2020 California Hemp ReportVote Hemp has been working to bring back hemp farming in California since 2002. We have sponsored key legislation including recent bills to ensure that farmers could grow for biomass (SB 1409) and to improve regulations (SB 153).

California is the only state where counties have a role in regulation and licensure. It has created a complex web of regulations for California farmers. Vote Hemp has been monitoring hemp regulations and moratoria in all 58 counties which has been extensive. If you are considering getting into the hemp market in California, the data and insights in this 25 page report will be very valuable. The report includes:

  • Exclusive hemp updates on all 58 counties including moratoriums & zoning restrictions
  • California hemp market insights including seed vendors
  • Contact info for county Ag. Commissioners
  • An informative history of hemp legislation in California
  • Includes the national Vote Hemp 2019 Licensing Report

To order your copy, donate $50 or more and we will mail it out within 5 business days.


USDA announces details of hemp crop insurance, deadline is March 16

The USDA has announced the availability of two programs that protect hemp producers’ crops from natural disasters. A pilot hemp insurance program through Multi-Peril Crop Insurance (MPCI) provides coverage against loss of yield because of insurable causes of loss for hemp grown for fiber, grain or Cannabidiol (CBD) oil and the Noninsured Crop Disaster Assistance Program (NAP) coverage protects against losses associated with lower yields, destroyed crops or prevented planting where no permanent federal crop insurance program is available. Below are some of the requirements of the program.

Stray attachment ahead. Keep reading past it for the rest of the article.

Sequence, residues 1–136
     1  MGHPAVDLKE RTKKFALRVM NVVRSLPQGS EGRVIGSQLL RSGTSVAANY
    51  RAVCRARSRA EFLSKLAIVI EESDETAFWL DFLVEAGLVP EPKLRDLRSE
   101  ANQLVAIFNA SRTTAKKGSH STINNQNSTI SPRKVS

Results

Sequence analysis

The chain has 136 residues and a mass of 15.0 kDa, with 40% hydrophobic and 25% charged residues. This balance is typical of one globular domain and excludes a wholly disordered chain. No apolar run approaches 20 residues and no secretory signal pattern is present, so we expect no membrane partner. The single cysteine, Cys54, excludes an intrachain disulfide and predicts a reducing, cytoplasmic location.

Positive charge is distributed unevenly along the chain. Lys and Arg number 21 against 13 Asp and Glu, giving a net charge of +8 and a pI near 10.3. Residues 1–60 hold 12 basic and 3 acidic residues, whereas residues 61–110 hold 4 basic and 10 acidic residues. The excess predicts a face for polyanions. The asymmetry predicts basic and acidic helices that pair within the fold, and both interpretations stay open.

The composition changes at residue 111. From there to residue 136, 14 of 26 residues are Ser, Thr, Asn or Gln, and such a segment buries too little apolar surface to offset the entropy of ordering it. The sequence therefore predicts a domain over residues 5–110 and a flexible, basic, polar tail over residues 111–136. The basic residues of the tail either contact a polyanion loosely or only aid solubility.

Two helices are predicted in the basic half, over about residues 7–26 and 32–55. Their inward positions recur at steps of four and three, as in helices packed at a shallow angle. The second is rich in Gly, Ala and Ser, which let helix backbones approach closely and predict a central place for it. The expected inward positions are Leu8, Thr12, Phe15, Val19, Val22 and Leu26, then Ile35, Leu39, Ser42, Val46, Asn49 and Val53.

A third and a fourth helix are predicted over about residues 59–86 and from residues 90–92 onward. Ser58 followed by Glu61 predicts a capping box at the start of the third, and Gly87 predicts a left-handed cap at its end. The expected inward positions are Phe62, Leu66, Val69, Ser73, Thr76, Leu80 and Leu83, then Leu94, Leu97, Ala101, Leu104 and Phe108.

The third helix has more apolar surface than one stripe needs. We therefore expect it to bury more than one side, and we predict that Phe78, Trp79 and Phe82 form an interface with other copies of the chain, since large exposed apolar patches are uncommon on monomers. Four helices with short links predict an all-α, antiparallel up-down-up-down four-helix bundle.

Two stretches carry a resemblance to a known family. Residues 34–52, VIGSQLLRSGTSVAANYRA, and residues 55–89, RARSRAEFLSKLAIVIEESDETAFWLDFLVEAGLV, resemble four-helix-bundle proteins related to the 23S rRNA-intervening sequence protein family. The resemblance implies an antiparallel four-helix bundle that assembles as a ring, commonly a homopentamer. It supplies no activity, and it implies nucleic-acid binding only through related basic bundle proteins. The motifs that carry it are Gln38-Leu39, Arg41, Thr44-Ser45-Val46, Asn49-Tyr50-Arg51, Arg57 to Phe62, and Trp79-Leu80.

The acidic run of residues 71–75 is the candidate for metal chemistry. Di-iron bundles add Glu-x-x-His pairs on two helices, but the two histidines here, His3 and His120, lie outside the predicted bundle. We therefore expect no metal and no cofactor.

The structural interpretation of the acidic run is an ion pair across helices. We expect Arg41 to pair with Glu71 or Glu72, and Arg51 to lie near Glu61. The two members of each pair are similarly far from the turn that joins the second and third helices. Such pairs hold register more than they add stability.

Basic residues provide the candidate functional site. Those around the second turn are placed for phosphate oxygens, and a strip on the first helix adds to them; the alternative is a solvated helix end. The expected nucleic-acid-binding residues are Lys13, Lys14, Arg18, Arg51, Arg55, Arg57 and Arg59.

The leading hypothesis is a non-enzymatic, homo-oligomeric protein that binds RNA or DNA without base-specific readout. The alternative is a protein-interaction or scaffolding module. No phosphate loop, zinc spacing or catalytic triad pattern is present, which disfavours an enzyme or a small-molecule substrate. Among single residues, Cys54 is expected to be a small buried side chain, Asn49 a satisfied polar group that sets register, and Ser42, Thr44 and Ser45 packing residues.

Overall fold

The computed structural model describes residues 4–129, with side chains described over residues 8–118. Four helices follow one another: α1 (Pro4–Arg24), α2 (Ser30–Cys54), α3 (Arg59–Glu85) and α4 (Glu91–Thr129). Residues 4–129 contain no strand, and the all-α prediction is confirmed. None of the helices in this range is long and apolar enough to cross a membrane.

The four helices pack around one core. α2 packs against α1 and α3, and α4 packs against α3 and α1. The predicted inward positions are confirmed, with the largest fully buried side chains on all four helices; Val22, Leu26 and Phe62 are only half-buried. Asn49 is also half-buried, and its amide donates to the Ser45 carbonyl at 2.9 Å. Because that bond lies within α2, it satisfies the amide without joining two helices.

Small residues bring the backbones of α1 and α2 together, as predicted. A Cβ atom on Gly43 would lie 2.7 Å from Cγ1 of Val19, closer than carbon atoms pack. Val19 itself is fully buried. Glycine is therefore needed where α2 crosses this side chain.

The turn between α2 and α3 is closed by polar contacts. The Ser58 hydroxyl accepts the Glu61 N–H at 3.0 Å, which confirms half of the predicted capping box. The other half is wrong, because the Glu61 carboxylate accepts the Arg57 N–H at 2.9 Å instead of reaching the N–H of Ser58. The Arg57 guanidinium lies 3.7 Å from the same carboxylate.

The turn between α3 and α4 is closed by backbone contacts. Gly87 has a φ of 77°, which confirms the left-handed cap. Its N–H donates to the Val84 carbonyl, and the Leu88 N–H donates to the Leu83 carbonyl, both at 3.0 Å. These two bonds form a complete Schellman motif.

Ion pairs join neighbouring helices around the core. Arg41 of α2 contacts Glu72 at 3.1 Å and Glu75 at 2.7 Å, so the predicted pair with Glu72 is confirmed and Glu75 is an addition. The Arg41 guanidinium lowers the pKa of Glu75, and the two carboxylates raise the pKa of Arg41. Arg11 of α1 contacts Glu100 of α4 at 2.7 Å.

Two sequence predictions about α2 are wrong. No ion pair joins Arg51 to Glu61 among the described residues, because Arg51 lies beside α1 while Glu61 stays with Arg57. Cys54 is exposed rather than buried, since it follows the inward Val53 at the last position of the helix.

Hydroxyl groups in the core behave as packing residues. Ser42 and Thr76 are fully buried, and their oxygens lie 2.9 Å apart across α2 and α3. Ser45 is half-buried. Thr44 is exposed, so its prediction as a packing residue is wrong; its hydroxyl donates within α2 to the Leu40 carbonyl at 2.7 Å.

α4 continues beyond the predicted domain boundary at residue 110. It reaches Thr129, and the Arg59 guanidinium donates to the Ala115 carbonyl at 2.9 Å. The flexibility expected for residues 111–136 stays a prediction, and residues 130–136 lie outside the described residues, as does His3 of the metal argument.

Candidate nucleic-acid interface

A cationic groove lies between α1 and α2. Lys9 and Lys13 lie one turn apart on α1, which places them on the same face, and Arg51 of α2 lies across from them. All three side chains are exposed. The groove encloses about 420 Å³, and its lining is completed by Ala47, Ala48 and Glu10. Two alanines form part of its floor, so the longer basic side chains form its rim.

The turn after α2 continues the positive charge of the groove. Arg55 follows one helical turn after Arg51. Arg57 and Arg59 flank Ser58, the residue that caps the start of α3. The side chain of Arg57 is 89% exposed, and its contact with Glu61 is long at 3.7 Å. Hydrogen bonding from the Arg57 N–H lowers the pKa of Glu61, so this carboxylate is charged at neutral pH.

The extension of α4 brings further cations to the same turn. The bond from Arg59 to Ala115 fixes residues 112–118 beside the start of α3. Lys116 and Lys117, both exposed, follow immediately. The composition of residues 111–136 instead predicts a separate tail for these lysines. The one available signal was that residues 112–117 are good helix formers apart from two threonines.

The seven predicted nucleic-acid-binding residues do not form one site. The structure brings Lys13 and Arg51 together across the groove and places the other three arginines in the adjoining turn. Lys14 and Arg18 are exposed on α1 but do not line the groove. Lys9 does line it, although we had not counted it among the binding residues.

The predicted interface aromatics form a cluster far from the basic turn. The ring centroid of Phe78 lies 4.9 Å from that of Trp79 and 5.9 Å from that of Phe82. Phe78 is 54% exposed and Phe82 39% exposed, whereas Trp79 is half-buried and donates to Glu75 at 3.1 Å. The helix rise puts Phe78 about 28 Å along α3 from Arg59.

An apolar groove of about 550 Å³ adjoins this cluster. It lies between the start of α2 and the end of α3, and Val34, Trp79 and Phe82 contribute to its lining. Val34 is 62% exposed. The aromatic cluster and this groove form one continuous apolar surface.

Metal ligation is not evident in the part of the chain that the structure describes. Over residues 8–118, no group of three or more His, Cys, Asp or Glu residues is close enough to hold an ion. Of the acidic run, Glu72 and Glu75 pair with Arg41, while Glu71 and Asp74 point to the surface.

• Available in select counties in 21 states
  • Actual Production History (APH) Program 
  • Covers loss of production (pounds) due to naturally occurring causes – adverse weather, fire (lightning), insects, disease, wildlife, earthquake, etc. 
  • Does not cover loss of production due to THC in excess of 0.3% (adjusted for measurement of uncertainty, if provided).
  • Does not cover loss of quality (e.g. CBD content, test weight, etc.).
  • Coverage levels 50% – 75% in 5% increments.
  • Types: CBD, Grain, Fiber
  • Insurability:
    • Insured:
      • Must be licensed.
      • Have a share in the crop.
      • Be eligible for Federal crop insurance.
      • Provide evidence of 1 year of producing the crop in a previous year.
    • Crop:
      • Acreage minimums per type, per county: CBD – 5 acres, Fiber or Grain – 20 acres
      • Must be grown under a processor contract (provisions for vertically integrated operations).